The US tolerated a lot in Laos. It knew Laotian politics were turbulent. A political settlement was unlikely. It was always tough for the US to figure out whom to support. The Americans also knew the NVA had significant numbers of ground forces in Laos, especially in the northeastern Laotian provinces bordering the NVN. And it knew NVA troop levels were increasing significantly over time. Furthermore, it determined saving Laos was central to saving the RVN. Said simply, at the time, the US would not tolerate a communist takeover of Laos. President Kennedy was especially adamant about that. The photo shows him speaking to reporters about communist advances in Laos at a news conference on March 23, 1961.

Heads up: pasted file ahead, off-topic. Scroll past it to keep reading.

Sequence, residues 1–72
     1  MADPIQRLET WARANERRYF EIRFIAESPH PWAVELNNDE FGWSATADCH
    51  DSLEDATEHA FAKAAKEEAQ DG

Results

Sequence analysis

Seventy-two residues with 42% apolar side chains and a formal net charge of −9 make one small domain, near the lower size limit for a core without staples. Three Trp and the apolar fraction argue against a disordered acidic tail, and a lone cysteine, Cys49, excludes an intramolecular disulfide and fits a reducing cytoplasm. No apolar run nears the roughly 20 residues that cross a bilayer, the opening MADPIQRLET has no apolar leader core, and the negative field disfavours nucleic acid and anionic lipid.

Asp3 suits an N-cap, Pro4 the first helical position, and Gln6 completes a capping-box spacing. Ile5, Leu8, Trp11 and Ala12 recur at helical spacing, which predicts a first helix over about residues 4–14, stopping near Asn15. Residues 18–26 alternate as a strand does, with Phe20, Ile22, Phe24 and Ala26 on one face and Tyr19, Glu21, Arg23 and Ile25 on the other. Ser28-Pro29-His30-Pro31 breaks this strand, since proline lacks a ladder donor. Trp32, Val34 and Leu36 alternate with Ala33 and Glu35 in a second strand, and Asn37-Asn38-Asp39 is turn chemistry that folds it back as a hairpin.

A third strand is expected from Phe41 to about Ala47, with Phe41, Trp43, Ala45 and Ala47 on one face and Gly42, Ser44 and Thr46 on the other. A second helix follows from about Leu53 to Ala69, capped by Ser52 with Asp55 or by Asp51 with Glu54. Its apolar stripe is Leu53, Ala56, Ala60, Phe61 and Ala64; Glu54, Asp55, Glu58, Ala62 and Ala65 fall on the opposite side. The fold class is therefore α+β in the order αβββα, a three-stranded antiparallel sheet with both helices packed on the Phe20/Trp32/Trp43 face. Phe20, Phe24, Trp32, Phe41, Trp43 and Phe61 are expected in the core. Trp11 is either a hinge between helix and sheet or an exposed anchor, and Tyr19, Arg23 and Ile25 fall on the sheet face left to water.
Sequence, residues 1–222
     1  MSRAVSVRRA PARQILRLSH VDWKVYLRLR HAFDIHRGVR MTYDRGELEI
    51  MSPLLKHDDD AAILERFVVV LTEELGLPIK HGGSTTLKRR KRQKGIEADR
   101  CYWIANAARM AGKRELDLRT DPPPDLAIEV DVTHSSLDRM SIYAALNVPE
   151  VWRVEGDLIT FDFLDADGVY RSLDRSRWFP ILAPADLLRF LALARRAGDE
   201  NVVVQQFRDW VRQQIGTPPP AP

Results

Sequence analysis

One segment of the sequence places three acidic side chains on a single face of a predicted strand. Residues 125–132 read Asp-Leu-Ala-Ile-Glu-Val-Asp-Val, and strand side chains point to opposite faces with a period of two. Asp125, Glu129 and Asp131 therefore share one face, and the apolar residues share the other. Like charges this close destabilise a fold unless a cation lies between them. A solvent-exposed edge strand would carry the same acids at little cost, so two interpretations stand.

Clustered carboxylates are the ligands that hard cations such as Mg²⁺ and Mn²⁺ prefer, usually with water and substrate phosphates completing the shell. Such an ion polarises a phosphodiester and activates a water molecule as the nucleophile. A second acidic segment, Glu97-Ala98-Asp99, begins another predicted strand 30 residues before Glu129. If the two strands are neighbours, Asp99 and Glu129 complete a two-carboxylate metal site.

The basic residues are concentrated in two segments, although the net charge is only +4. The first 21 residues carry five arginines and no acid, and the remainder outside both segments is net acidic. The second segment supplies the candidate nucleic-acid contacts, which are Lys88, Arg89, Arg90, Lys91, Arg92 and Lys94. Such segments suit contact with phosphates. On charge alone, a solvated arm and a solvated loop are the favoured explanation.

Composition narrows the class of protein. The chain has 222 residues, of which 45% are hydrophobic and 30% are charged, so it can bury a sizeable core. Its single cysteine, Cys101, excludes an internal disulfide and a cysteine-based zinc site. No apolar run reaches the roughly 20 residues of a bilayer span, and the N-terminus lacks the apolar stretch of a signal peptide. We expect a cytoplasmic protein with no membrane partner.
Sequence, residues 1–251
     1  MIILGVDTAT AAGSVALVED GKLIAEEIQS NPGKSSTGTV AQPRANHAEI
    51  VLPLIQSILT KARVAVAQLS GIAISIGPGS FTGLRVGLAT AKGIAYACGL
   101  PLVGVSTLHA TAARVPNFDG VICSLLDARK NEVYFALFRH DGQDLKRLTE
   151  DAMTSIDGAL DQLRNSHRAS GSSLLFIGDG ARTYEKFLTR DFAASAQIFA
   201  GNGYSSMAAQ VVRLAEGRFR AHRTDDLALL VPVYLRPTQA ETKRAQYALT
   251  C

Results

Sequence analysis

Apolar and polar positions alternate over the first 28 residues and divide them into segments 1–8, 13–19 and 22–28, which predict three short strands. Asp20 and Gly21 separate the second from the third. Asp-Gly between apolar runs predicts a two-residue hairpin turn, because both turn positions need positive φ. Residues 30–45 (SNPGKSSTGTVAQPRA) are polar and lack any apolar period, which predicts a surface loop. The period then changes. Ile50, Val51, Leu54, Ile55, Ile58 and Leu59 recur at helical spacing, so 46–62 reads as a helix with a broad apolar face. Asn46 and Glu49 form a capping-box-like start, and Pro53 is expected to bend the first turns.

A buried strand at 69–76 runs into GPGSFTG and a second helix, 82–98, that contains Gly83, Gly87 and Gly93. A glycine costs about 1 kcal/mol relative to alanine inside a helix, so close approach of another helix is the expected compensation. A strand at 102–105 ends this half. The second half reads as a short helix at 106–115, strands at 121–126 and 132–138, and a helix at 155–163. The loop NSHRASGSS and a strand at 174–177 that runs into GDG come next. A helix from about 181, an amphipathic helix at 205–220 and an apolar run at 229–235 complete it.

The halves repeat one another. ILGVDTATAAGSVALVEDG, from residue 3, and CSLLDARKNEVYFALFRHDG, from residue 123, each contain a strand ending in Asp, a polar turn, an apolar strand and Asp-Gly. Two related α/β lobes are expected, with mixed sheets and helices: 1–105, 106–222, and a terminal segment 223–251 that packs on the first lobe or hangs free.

I'll emphasize, however, the war in the RVN was the top American priority; Laos came in second, except when considering the NVA's logistics line over the Ho Chi Minh Trail in Laos: that was a top American priority because it was woven into the war in the RVN. Priorities were important because they impacted resource allocation.

I mentioned "Operation Barrel Roll" and "Operation Steel Tiger." During 1964, US, Lao, and Thai pilots flew limited air attacks against the trail. This impacted US policy long-term. The US now saw even more reason to maintain the RLG as a constitutional monarchy free from communism. Defense of the RLG rose in importance for the defense of the RVN, and the commitment of air resources to attacking the Trail increased as well.

The US had a policy problem in Laos: How would it fight the Pathet Lao and NVA on the ground in Laos without sending in US ground combat forces?